If you have been diagnosed with atopic dermatitis, you have probably realized a pattern with your illness. It flares up for a while and is a real nuisance, and then it fades away again. Before long, it comes back, only to fade into the background once again. Many people just assume this cycle of flare-ups is inevitable, but in most cases, the flare-ups are actually being triggered by something. If you figure out what is triggering your flare-ups, you can avoid that trigger and suffer fewer flare-ups.

Now, every sufferer of atopic dermatitis has different triggers, so figuring out your triggers can take some work. Most professionals recommend keeping a journal so you can look back and see what common factors precede each of your flare-ups. As you do, pay particular attention to the following factors, which are common triggers for many atopic dermatitis patients. 

Dry Skin

For many people, a bout of atopic dermatitis starts with dry skin. The dryness itself causes the skin to over-react and break out. If you keep your skin moist by applying a light, unscented moisturizer daily, you may experience fewer flare-ups.

Scents and Colorants

There are so many different colorants and scents used in conventional shampoos, body washes, and face washes. It's really tough to narrow down which ones you might be sensitive to, so most patients just assume that if one is a trigger, they all are and avoid products that contain any artificial scents or colors.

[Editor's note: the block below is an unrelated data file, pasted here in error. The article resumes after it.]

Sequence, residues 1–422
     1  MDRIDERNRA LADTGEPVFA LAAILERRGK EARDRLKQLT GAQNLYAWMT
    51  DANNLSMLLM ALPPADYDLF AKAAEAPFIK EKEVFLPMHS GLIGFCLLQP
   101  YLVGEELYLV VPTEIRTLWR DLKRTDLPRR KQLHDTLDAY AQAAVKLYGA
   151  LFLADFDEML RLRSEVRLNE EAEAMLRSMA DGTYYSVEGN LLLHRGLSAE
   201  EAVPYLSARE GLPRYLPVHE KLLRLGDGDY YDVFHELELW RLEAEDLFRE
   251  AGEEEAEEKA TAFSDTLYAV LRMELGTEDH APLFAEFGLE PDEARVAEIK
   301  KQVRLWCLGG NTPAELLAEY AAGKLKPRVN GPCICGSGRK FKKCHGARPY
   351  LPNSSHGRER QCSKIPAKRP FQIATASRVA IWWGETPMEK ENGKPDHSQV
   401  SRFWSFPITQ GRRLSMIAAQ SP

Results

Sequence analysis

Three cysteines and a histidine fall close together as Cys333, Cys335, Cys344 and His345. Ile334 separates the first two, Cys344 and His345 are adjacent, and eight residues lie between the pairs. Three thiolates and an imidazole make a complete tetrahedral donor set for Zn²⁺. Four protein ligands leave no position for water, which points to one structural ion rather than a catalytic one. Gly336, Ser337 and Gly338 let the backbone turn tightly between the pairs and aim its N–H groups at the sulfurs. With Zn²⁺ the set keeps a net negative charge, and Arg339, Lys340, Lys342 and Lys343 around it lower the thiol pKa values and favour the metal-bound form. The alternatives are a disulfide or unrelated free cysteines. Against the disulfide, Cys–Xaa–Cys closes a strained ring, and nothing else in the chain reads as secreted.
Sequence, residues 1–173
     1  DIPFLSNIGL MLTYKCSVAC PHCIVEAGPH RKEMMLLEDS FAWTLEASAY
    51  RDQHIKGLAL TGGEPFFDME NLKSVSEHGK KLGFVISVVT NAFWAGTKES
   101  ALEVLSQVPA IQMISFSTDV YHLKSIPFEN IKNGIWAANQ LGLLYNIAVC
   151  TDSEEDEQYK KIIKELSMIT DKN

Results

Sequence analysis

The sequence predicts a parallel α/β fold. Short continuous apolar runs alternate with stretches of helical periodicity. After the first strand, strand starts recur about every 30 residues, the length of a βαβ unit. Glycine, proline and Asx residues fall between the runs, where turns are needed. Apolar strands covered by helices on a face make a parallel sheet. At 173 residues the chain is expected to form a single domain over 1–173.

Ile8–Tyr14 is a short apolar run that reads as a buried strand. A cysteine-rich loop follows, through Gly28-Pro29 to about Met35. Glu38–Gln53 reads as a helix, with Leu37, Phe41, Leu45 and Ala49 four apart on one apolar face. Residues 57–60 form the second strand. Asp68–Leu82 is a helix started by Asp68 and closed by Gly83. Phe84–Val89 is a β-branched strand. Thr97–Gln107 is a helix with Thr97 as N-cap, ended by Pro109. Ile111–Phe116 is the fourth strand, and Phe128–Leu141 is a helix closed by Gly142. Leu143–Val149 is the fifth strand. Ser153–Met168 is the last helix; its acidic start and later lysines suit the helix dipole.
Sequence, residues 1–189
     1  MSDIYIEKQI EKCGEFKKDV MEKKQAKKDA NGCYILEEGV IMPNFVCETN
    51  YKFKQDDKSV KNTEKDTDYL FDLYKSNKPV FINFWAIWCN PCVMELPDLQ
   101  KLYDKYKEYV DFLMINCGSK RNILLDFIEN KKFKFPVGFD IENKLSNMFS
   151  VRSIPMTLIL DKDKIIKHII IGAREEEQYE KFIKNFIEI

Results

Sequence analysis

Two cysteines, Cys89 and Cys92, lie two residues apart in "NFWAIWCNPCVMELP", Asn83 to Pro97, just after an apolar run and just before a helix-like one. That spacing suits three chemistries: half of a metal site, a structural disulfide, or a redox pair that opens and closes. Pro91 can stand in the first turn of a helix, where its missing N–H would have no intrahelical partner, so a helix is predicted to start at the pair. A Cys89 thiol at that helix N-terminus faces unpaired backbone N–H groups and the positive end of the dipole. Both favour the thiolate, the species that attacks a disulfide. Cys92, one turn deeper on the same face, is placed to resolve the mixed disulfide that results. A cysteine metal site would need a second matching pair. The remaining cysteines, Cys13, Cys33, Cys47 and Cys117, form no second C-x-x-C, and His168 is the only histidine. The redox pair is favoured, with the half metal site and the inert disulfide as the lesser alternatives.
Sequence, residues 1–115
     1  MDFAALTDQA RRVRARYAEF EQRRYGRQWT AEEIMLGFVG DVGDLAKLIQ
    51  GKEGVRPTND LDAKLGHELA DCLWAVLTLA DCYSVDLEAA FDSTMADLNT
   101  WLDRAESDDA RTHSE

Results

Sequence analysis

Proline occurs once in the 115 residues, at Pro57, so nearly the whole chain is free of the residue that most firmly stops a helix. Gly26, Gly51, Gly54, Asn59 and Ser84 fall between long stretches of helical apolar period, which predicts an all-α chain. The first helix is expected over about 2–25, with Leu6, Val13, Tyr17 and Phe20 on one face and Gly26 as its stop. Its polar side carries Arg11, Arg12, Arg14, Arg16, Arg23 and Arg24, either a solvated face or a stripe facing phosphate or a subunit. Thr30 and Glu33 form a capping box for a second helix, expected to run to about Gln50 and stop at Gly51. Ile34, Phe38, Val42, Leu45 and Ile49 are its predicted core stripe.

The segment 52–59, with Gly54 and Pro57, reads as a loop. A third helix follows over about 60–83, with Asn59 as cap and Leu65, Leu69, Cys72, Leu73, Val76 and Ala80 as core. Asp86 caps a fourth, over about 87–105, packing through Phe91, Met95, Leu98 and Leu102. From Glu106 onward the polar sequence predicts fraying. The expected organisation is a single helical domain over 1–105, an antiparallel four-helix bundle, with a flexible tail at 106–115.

Cigarette Smoke

Cigarette smoke contains many different toxins that can trigger a flare-up. If you live with someone who smokes, ask that they smoke outside and stay far away from any clothing they wear while smoking.


Wool is a natural, eco-friendly fabric, but it's not a good choice for many people with atopic dermatitis. If you experience flare-ups after wearing certain clothing, check to see whether they're made from wool. Breathable synthetics are usually a safer bet.

Hot Water

Hot water can trigger a flare-up in several ways. First of all, it can dry your skin out, and as mentioned above, dry skin is a common trigger. The heat itself can also cause your skin to over-react and break out. Take cooler showers with barely warm water for fewer flare-ups.

If you have atopic dermatitis disease, talk to your doctor for more help identifying your atopic dermatitis triggers. There's a good chance one or more of the above is a trigger for you, but there may be others, too.